Paget's Disease (cont.)
William C. Shiel Jr., MD, FACP, FACR
Dr. Shiel received a Bachelor of Science degree with honors from the University of Notre Dame. There he was involved in research in radiation biology and received the Huisking Scholarship. After graduating from St. Louis University School of Medicine, he completed his Internal Medicine residency and Rheumatology fellowship at the University of California, Irvine. He is board-certified in Internal Medicine and Rheumatology.
Melissa Conrad Stöppler, MD
Melissa Conrad Stöppler, MD, is a U.S. board-certified Anatomic Pathologist with subspecialty training in the fields of Experimental and Molecular Pathology. Dr. Stöppler's educational background includes a BA with Highest Distinction from the University of Virginia and an MD from the University of North Carolina. She completed residency training in Anatomic Pathology at Georgetown University followed by subspecialty fellowship training in molecular diagnostics and experimental pathology.
Catherine Burt Driver, MD
Catherine Burt Driver, MD, is board certified in internal medicine and rheumatology by the American Board of Internal Medicine. Dr. Driver is a member of the American College of Rheumatology. She currently is in active practice in the field of rheumatology in Mission Viejo, Calif., where she is a partner in Mission Internal Medical Group.
In this Article
- Paget's disease facts
- What is Paget's disease?
- What causes Paget's disease?
- Who discovered Paget's disease?
- What are Paget's disease symptoms and signs?
- How do health care professionals make a diagnosis of Paget's disease?
- What is the medical treatment for Paget's disease?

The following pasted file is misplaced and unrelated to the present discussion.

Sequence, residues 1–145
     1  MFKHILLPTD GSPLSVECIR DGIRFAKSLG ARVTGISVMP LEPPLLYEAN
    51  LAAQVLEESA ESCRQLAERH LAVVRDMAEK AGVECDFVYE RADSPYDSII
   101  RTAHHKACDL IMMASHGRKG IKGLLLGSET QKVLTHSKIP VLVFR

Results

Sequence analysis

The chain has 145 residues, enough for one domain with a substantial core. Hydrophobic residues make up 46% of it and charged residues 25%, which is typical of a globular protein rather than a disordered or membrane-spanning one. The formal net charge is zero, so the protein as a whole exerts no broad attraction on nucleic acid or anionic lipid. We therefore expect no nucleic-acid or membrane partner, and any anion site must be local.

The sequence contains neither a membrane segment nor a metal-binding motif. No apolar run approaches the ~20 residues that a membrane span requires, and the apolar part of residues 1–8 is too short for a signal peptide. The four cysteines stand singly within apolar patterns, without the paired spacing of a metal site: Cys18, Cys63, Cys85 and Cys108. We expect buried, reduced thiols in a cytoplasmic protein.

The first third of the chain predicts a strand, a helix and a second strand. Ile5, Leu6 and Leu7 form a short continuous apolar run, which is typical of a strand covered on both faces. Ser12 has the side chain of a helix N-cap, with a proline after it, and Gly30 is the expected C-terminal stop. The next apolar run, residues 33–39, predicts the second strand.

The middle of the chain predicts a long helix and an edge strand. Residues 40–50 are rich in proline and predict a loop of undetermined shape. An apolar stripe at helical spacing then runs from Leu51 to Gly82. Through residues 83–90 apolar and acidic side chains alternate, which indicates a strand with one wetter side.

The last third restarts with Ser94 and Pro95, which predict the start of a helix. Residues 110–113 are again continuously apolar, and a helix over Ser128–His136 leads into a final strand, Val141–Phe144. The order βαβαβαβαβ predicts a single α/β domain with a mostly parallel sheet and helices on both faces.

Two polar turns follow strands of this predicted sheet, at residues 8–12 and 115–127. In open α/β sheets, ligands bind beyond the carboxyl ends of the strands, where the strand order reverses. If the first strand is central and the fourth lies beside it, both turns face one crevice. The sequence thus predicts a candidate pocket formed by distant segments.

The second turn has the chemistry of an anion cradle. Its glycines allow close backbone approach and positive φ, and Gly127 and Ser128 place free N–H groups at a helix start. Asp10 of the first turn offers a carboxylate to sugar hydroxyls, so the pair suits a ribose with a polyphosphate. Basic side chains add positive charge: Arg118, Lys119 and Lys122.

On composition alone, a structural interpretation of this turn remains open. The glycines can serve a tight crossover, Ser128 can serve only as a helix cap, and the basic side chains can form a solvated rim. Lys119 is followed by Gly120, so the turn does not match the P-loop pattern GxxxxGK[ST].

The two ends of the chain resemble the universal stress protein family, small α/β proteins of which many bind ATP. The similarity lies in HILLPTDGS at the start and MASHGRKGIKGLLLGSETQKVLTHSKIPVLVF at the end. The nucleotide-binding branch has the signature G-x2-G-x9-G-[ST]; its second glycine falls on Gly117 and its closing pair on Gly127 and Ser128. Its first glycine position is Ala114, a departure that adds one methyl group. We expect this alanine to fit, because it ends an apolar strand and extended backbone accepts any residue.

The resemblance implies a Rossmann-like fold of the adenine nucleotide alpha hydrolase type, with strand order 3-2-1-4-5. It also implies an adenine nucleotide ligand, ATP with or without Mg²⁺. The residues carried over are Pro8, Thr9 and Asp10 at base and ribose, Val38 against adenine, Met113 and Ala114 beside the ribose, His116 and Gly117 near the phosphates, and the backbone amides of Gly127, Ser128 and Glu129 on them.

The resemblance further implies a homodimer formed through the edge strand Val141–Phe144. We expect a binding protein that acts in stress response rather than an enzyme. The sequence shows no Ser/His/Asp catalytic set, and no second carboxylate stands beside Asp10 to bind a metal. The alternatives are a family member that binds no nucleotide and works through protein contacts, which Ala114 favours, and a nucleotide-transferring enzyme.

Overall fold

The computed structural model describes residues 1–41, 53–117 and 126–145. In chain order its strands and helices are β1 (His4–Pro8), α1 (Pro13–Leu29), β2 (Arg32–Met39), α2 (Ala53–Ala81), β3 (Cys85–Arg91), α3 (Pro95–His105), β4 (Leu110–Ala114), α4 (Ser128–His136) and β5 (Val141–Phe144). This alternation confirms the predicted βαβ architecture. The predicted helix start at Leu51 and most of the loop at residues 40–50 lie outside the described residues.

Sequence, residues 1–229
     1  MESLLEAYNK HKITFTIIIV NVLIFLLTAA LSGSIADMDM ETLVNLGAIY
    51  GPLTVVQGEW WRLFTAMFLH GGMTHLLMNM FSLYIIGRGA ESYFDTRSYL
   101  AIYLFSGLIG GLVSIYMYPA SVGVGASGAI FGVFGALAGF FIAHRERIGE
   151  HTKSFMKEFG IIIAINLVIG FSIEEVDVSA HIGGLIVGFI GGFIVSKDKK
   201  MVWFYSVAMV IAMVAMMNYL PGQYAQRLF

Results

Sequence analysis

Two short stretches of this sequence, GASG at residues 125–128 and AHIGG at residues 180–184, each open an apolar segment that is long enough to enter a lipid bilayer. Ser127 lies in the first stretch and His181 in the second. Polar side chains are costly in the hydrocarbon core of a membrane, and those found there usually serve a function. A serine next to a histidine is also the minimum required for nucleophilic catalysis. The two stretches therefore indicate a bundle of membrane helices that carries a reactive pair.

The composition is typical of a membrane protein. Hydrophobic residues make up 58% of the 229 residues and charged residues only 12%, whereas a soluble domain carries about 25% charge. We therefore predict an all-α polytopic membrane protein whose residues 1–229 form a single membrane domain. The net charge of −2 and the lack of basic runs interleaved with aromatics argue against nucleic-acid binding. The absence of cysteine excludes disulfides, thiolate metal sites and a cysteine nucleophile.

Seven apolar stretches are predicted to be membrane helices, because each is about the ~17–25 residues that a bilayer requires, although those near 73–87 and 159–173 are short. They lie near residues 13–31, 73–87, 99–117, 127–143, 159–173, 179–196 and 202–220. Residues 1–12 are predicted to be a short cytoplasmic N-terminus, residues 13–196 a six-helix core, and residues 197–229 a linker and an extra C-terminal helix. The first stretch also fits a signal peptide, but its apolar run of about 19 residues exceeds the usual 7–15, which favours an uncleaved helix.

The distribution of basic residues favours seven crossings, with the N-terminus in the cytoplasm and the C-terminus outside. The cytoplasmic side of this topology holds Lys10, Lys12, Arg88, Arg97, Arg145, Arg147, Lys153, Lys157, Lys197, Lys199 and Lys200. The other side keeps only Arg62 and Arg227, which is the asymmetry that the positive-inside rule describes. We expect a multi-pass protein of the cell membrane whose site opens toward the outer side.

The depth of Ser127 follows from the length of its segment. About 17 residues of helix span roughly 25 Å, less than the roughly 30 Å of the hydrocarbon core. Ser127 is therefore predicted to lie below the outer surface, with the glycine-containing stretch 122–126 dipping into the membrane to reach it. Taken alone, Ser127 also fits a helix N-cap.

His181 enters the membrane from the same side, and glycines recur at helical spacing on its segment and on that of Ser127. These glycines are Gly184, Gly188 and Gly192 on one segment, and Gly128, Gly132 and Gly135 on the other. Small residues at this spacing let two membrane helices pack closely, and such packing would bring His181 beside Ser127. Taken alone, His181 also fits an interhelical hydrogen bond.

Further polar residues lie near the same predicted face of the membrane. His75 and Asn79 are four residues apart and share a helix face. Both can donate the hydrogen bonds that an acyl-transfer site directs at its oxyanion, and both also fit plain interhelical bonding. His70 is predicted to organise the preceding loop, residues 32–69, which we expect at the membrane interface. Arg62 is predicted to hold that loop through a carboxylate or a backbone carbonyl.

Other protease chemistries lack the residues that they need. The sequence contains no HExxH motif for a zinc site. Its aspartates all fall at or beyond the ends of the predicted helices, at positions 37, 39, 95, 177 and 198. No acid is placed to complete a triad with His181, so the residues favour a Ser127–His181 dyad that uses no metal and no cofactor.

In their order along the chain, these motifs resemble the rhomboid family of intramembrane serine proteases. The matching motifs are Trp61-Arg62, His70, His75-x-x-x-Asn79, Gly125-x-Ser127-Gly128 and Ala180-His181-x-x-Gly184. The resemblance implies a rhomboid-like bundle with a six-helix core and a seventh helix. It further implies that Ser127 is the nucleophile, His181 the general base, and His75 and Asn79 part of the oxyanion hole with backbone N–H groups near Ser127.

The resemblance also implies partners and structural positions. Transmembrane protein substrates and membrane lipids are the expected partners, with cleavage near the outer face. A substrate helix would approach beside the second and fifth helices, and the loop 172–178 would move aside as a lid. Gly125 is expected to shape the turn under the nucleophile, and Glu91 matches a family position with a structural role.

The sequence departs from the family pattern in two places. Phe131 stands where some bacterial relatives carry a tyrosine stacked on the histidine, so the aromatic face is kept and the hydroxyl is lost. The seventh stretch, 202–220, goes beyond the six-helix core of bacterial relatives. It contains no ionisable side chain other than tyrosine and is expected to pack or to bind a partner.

- What is the prognosis for Paget's disease?
- Where can I find more information about Paget's disease?
- Find a local Rheumatologist in your town
What is the prognosis for Paget's disease?
The outlook is generally good, particularly if treatment is given before major changes in the affected bones have occurred. Paget's disease occurs most frequently in the spine, skull, pelvis, and the long bones of the thighs and lower legs. In general, symptoms progress slowly. Paget's disease is not a bone cancer, and the disease does not spread to normal bones. Treatment can control Paget's disease and lessen symptoms, but treatment does not cure Paget's disease.
Where can I find more information about Paget's disease?
For further information, contact the Paget's Disease Foundation.
The Paget's Disease Foundation
120 Wall Street, Suite 1602
New York, NY 10005-4001
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Medically reviewed by Aimee V. HachigianGould, MD; American Board of Orthopaedic Surgery
Klippel, J.H., et al. Primer on the Rheumatic Diseases. New York: Springer, 2008.
Whyte, Michael P. "Paget's Disease of Bone." New England Journal of Medicine 355 (2006): 593-600.
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